Aug. 3, 2010
Reading to the Blind Man
We start with the classics. Homer. Shakespeare. Chaucer. But
he becomes bored and wants to read romances. Stories of
people adrift on the tides of their passion. He is afraid he is
missing more than sight. That there are continents of
emotions he has never explored. As I read, his lips move as if
he now can see the words. As if he were one of those lovers
about to collide. As if it were his hands on her breasts. His
body atop hers. He whispers for me to slow down. It has taken
him this long to get here. He would like to linger now for a
It's the birthday of Pulitzer Prize-winning journalist Ernie Pyle, (books by this author) born on a farm near Dana, Indiana, in 1900. He dropped out of college and got his first big job as a reporter for a Washington, D.C., tabloid newspaper.
Within a few years, he hit the road with his wife, a brilliant bipolar woman from Minnesota who was often sick, and who drank too much and used drugs. Together, they traversed America in a Ford, crisscrossing the country dozens of times. He wrote about the daily lives of ordinary people across the nation.
When the United States entered World War II, he began working as a war correspondent. He reported from North Africa and from Asia. He suffered badly from combat stress, was hospitalized for two weeks with "war neurosis," and nearly died in an accidental bombing by the U.S. in Normandy.
His column was syndicated by 300 newspapers around the U.S. and was read by more than 14 million people. His reporting read as if he were writing a letter to a close friend back home. In one column, he apologized for having "lost track of the point of the war."
Ernie Pyle's most famous column was written from the beachhead at Anzio, in Italy. It's called "The Death of Captain Waskow." Pyle wrote:
I was at the foot of the mule trail the night they brought Capt. Waskow's body down. The moon was nearly full at the time, and you could see far up the trail, and even part way across the valley below. Soldiers made shadows in the moonlight as they walked.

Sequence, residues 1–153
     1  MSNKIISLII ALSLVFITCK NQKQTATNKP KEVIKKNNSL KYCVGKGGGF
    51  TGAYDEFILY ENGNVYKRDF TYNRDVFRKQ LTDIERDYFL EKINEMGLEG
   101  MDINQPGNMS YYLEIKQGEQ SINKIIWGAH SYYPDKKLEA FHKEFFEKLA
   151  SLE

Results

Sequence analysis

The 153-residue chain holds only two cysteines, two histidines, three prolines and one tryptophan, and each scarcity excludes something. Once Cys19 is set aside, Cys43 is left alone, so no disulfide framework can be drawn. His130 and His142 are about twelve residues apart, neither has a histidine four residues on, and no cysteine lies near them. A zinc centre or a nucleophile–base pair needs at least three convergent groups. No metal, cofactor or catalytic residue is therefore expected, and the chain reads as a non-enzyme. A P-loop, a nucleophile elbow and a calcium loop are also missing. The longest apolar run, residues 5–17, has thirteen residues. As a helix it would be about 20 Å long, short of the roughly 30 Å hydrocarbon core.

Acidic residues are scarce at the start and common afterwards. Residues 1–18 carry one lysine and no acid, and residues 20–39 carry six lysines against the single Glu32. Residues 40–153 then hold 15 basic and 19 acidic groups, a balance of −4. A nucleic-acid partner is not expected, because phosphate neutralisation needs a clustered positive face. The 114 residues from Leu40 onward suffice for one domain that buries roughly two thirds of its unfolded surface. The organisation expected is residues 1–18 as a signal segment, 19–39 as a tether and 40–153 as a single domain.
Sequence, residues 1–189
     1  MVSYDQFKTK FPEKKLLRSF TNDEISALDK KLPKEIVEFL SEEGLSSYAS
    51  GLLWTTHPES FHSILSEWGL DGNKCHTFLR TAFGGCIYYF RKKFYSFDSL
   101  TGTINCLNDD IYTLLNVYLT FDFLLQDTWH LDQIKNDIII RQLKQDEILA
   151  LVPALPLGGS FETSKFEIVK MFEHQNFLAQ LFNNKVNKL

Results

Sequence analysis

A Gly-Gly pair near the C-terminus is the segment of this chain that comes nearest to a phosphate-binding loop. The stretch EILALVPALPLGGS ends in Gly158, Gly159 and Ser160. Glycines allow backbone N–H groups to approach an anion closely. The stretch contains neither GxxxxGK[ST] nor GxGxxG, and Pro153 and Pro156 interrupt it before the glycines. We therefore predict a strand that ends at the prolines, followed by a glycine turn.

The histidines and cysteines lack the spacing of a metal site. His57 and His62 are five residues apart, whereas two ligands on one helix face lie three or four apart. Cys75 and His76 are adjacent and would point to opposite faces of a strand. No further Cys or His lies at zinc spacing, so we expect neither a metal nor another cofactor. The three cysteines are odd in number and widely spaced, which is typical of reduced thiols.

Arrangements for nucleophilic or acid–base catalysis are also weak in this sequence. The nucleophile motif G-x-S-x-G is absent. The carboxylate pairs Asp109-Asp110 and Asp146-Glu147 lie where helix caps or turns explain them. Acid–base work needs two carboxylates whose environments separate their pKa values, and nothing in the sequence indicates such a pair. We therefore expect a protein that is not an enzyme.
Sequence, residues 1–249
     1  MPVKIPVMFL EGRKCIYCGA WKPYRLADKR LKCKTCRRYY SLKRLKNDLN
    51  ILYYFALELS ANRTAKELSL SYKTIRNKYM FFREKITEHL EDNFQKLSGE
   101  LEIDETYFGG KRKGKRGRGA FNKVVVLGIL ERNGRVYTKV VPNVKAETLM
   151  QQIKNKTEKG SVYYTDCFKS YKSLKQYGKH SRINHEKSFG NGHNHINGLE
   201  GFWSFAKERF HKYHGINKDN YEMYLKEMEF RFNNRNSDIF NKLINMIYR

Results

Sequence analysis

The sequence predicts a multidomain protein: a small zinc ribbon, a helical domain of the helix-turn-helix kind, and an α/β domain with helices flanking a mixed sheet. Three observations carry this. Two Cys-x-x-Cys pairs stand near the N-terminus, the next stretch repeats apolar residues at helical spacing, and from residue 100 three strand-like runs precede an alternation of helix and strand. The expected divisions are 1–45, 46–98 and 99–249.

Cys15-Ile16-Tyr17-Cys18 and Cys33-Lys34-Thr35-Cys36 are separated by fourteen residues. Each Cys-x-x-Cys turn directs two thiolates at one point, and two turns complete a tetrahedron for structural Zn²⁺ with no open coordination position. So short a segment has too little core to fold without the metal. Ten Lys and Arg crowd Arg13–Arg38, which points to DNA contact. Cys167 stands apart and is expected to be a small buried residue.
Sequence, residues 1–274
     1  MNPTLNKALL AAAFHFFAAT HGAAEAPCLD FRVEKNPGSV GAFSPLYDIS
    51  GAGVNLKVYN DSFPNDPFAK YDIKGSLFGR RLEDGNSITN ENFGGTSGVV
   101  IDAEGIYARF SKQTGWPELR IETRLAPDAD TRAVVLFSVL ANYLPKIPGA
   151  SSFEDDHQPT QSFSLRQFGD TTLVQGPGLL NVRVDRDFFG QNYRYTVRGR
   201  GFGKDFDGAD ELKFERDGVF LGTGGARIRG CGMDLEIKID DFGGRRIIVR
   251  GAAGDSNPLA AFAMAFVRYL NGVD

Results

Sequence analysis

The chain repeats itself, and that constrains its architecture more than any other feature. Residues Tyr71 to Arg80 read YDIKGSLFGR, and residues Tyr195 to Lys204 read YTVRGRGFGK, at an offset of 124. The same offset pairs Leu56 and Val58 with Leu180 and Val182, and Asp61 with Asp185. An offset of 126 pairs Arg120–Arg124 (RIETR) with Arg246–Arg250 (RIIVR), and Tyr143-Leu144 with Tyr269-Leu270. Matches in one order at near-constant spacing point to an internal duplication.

Dead men had been coming down the mountain all evening, lashed onto the backs of mules. They came lying belly-down across the wooden pack-saddles, their heads hanging down on the left side of the mule, their stiffened legs sticking out awkwardly from the other side, bobbing up and down as the mule walked.
[...] The first one came early in the morning. They slid him down from the mule and stood him on his feet for a moment, while they got a new grip [...] Then they laid him on the ground in the shadow of the low stone wall alongside the road [...]
Then the first man squatted down, and he reached down and took the dead hand, and he sat there for a full five minutes, holding the dead hand in his own and looking intently into the dead face, and he never uttered a sound all the time he sat there.
And finally he put the hand down, and then reached up and gently straightened the points of the captain's shirt collar, and then he sort of rearranged the tattered edges of his uniform around the wound. And then he got up and walked away down the road in the moonlight, all alone.
After that the rest of us went back into the cowshed, leaving the five dead men lying in a line, end to end, in the shadow of the low stone wall. We lay down on the straw in the cowshed, and pretty soon we were all asleep.
Pyle won the Pulitzer Prize in 1944. The next year, he died in combat off the coast of Okinawa, shot in the temple by enemy gunfire while embedded with American troops. His columns are collected in the books Ernie Pyle in England (1941), Here Is Your War (1943), Brave Men (1944), and Last Chapter (1946).
Be well, do good work, and keep in touch.®